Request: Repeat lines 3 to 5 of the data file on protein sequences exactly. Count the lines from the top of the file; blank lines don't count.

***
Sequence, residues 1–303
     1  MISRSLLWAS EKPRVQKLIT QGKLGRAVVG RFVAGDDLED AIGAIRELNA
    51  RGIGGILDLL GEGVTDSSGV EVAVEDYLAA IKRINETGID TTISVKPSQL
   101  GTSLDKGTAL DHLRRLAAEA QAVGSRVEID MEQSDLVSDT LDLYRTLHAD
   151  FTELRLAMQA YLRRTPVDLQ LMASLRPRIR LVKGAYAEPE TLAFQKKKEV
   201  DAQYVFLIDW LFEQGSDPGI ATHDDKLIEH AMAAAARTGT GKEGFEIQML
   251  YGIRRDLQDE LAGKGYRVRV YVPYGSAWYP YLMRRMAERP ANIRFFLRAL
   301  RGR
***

    51  RGIGGILDLL GEGVTDSSGV EVAVEDYLAA IKRINETGID TTISVKPSQL
   101  GTSLDKGTAL DHLRRLAAEA QAVGSRVEID MEQSDLVSDT LDLYRTLHAD
   151  FTELRLAMQA YLRRTPVDLQ LMASLRPRIR LVKGAYAEPE TLAFQKKKEV